I have thought of her often through the years. I tried to track her down. Years ago, the head of the Alumni Office at Interlochen tried, unsuccessfully, for me. This was before the Internet, so perhaps I might find something now. I don’t know if she married her boyfriend Neil or not, or what her name might be. So many times throughout the years I’ve wanted to tell her that she meant so much to me, that her kindness and smiles still light up my inside when I need a boost. I’m sure she’d like to hear that. Since this prompt, I did look for her on Facebook, and there are two “Marilynn Anderson”s, but neither look to be my Grundy.

My birthday was just a month ago. I am now Facebook friends with Marcy, the girl furtherest on the left on the cabin photo. In fact, she posted the cabin photo, used as the Featured photo (I have my own copy, but it was SO fun to see it show up in my Facebook feed) along with birthday greetings on my special day with the warning to “carpe diem”. We went off-line to catch up. She is the third of four sisters from Detroit, all of whom went to camp. Besides Marcy, I only knew her younger sister Vicki, who now lives in the Boston area. Vicki, also, was a Drama major at camp. Marcy told me quite a tale about her life. It is her story to tell, not mine, but she has lived a life full of highs and lows yet keeps impressively cheerful. I am in awe of her attitude and thrilled to be back in touch after so many years. She has stayed in touch with several of the other members of that wonderful Cabin 12, including Judy Harris (seated, last girl on the left in the front row; I am seated, second from the right). Judy is now a well-respected attorney in the juvenile court system in New York. She was mentioned in the book “The Notorious RBG”, as she was so helpful to the author! And she, also, has tried to track down Grundy, with no success. Grundy influenced and moved her in indescribable ways. Marcy and I chatted about that for a while. Isn’t it remarkable that in a mere 8 weeks, someone who wasn’t our teacher could have such a profound impact on so many of us.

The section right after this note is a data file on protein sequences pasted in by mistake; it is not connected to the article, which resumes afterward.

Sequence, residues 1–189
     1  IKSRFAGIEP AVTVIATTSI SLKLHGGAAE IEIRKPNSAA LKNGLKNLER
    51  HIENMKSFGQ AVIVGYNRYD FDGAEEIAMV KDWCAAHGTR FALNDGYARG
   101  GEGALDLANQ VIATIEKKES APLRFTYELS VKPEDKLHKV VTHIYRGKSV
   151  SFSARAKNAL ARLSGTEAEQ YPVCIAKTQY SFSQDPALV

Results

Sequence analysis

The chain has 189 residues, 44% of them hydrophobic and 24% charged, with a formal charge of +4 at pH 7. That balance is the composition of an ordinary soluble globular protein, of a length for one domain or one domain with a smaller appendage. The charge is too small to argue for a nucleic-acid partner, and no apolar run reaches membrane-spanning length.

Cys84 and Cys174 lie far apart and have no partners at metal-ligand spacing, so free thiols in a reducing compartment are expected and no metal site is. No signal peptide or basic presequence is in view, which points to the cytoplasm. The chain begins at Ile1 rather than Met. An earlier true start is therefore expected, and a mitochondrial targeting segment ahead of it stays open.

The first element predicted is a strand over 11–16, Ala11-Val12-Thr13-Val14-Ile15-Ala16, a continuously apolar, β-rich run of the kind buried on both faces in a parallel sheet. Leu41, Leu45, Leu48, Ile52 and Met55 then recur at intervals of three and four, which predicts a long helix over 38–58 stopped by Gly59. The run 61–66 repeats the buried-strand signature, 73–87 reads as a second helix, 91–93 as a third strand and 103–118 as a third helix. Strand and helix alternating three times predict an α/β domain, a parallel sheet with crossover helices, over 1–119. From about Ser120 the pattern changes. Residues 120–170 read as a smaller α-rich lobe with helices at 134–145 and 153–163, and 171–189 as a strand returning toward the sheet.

If you are out there Marilynn “Grundy” Anderson, we love you. 54 years later, we still think about you, want to be in touch, want you to know that you made a difference for so many of us. We hope you are happy and well. Please contact us! We want to tell you what you’ve meant to us. You deserve to know.

Addendum: Since posting this story, I know what became of dear Grundy. As I’d hoped, someone with more internet savvy than I have tracked down information and, with great sadness here is what I can report:

Marilynn Helen Anderson, born August 13, 1946 in Michigan, died, 2008 in Naples, Florida.

The pin I reference in my story must have been a birthday gift, as we would still have been at camp on her birthday. She would have been around 62 when she passed.

I was able to reach out to cabin mate Judy who found the story moving. She believes that Grundy went into the Foreign Service, which would explain why we couldn’t track her down.

Rest in peace, dear friend. There is still someone standing by your heart.



Profile photo of Betsy Pfau Betsy Pfau
Retired from software sales long ago, two grown children. Theater major in college. Singer still, arts lover, involved in art museums locally (Greater Boston area). Originally from Detroit area.

Tags: Grundy, Marilynn Anderson, Marcy Heller, Judy Harris, Interlochen
Characterizations: moving, well written


  1. Wow, Betsy, I was so moved by this. “The art of living!” I would hope each of us has a teacher, mentor, family member or friend to hold in our heart as a lantern for the darker times we face. Someone who naturally reflects to other their own light- Just made me smile and think of “who loved me into being” as Mr. Rogers would say. Thank you for this sweet piece!